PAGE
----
Leech, Geoffrey N. 1936- (Geoffrey Neil Leech)
Leech, Geoffrey N. 1936- (Geoffrey Neil Leech)
Born January 16, 1936, in Gloucester, England; son of Charles Richard (a bank employee) and Dorothy Leech; married Frances Berman, July 29, 1961; children: Thomas, Camilla. Ethnicity: "Caucasian." Education: University College London, B.A., 1959, M.A., 1962, Ph.D. 1969; additional study, Massachusetts Institute of Technology, 1964-65. Religion: Church of England. Hobbies and other interests: Music (playing piano and organ).
Office—Department of Linguistics and English Language, University of Lancaster, Bailrigg, Lancaster, LA1 4YT England.
Clarendon School, South Oxhey, Hertfordshire, England, assistant schoolmaster, 1960-61; University of London, University College London, England, assistant lecturer, 1962-65, lecturer in English, 1965-69; University of Lancaster, Bailrigg, Lancaster, England, reader in English, 1969-74, professor of linguistics and English languages, 1974-96, research professor in English linguistics, 1996-2002; emeritus professor, 2002—; Harkness fellow, Massachusetts Institute of Technology, 1964-65. Military service: Royal Air Force, 1954-56; became senior aircraftsman.
Academia Europea, Philological Society, Linguistic Association of Great Britain, Norske Videnskaps-Akademi.
Doctor of Philosophy, Lund University, Sweden, 1987; fellow of British Academy, 1987; fellow of University College London, 1989; named honorary professor, Beijing Foreign Studies University, 1994; Most Influential Book on Stylistics, Poetics and Linguistics Association, 2005, for Style in Fiction.
English in Advertising: A Linguistic Study of Advertising in Great Britain, Longmans, Green (London, England), 1966.
A Linguistic Guide to English Poetry, Longmans, Green (London, England), 1969.
Towards a Semantic Description of English, Longmans, Green (London, England), 1969, Indiana University Press (Bloomington, IN), 1970.
Meaning and the English Verb, Longman (New York, NY), 1971, revised edition, 1987, 3rd edition, 2004.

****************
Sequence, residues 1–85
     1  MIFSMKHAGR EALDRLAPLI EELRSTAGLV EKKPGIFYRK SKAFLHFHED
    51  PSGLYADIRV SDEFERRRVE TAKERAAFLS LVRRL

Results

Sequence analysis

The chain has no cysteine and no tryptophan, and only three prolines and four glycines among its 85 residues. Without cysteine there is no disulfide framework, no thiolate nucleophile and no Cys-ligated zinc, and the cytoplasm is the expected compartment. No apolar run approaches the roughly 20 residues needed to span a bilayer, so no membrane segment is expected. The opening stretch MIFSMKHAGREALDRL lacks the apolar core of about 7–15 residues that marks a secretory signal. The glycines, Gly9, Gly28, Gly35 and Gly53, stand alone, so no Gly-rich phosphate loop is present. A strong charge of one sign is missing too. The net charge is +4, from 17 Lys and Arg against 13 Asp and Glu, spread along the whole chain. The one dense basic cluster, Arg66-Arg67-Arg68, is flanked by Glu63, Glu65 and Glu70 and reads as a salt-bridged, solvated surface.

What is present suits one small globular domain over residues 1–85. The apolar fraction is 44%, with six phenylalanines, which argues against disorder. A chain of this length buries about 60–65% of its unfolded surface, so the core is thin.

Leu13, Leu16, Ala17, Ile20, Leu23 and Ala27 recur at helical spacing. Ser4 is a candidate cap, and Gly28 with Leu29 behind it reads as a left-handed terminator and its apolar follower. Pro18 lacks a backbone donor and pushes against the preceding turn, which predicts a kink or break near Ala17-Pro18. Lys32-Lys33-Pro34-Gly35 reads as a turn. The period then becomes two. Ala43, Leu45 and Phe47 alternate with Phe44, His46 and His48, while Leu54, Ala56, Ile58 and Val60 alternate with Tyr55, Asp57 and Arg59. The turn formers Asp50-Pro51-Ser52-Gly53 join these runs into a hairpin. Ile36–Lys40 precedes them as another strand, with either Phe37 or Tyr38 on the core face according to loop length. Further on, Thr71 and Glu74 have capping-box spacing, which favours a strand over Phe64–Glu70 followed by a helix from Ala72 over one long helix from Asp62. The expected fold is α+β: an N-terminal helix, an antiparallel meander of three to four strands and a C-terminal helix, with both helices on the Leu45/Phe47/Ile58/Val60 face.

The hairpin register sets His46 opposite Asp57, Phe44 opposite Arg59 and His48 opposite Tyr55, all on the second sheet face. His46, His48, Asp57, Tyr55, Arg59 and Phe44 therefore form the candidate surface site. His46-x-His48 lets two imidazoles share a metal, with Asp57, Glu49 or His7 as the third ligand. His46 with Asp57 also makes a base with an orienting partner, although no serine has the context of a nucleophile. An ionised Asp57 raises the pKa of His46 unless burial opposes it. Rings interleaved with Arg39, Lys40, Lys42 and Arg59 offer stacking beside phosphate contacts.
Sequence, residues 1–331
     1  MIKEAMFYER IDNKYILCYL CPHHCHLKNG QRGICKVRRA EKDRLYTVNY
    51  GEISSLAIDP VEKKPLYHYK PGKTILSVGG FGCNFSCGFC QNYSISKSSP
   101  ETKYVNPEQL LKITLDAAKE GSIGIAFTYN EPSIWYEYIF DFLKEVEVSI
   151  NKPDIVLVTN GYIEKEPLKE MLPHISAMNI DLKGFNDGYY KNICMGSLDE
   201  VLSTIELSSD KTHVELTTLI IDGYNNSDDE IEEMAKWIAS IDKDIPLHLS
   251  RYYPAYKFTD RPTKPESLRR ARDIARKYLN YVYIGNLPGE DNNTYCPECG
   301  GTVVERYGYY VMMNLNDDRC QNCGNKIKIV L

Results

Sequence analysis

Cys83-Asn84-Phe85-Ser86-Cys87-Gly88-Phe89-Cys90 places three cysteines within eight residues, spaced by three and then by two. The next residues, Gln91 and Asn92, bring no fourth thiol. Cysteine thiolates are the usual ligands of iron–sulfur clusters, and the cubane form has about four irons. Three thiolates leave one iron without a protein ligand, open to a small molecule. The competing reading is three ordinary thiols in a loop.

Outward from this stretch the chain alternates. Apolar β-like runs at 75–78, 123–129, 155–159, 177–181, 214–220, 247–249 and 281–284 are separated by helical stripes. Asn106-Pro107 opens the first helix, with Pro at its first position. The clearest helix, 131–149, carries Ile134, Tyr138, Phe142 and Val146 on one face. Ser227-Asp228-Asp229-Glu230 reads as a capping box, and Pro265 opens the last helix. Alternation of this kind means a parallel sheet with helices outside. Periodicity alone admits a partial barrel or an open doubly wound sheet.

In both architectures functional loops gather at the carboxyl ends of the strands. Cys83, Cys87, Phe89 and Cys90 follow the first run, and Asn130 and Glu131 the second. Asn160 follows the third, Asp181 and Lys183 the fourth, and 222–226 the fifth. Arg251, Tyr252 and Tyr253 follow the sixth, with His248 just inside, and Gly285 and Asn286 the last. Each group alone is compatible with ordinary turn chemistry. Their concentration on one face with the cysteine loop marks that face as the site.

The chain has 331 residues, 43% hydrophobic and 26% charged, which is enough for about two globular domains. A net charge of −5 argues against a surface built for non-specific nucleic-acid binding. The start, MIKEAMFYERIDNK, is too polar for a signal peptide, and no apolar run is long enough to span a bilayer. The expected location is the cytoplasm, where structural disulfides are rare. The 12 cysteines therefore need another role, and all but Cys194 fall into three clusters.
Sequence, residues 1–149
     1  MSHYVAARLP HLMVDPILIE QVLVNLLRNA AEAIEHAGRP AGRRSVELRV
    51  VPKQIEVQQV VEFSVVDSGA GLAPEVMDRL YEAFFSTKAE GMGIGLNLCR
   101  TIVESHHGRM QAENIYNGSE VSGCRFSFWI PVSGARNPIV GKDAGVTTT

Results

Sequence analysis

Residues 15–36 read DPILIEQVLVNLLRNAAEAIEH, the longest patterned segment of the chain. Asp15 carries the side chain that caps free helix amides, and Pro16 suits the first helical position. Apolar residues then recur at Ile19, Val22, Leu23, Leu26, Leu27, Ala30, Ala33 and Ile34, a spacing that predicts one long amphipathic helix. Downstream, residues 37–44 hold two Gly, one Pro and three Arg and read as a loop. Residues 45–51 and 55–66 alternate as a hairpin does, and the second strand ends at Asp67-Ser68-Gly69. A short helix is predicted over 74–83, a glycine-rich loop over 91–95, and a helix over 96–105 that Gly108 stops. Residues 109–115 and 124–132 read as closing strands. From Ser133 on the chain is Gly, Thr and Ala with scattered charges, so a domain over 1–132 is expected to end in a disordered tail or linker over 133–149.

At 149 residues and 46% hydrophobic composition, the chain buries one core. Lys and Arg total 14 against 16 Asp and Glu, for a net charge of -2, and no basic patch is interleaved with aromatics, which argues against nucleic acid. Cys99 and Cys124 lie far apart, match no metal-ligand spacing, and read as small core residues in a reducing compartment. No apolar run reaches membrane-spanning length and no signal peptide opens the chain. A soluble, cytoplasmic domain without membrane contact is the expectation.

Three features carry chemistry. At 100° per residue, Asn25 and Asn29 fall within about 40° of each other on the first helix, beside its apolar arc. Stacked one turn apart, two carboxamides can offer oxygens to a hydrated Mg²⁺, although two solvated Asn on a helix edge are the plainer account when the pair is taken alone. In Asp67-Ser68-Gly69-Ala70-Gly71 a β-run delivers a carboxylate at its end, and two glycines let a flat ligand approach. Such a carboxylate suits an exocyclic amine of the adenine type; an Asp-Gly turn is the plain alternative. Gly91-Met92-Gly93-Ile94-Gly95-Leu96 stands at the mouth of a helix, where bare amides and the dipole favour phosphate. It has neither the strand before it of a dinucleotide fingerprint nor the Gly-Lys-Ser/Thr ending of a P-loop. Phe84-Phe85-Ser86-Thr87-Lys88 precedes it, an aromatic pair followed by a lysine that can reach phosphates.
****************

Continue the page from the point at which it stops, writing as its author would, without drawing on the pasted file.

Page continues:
(With Randolph Quirk, Sidney Greenbaum, and Jan Svartvik) A Grammar of Contemporary English, Longman (London, England), 1972.
Semantics, Penguin Books (New York, NY), 1974, revised edition, 1981.
(With Jan Svartvik) A Communicative Grammar of English, Longman (London, England), 1975, revised edition, 1994, 3rd edition, 2002.
Explorations in Semantics and Pragmatics, Benjamins (London, England), 1980.
(With Michael H. Short) Style in Fiction: A Linguistic Introduction to English Fictional Prose, Longman (New York, NY), 1981, 2nd edition, 2007.
(With Margaret Deuchar and Robert Hoogenraad) English Grammar for Today, Macmillan (New York, NY), 1982, 2nd edition, 2005.
Principles of Pragmatics, Longman (New York, NY), 1983.
(With Randolph Quirk, Sidney Greenbaum, and Jan Svartvik) A Comprehensive Grammar of the English Language, Longman (New York, NY), 1985.
An A-Z Guide to English Grammar and Usage, Longman (New York, NY), 1989, 2nd edition, 2001.
Introducing English Grammar, Penguin Books (New York, NY), 1992.
(With Douglas Biber, Stig Johansson, Susan Conrad, and Edward Finegan) Longman Grammar of Spoken and Written English, Pearson ESL (New York, NY), 1999.
(With Jan Svartvik) English: One Tongue, Many Voices, Palgrave Macmillan (New York, NY), 2006.
(With Sidney Greenbaum and Jan Svartvik) Studies in English Linguistics: For Randolph Quirk, Longman (New York, NY), 1980.
(With Christopher N. Candlin) Computers in English Language Teaching and Research: Selected Papers from the 1984 Lancaster Symposium "Computers in English Language Education and Research," Longman (New York, NY), 1986.
(With Roger Garside and Geoffrey Sampson) The Computational Analysis of English: A Corpus-based Approach, Longman (New York, NY), 1987.
(With Ezra Black and Roger Garside) Statistically-Driven Computer Grammars of English, Rodopi (Amsterdam, Netherlands), 1993.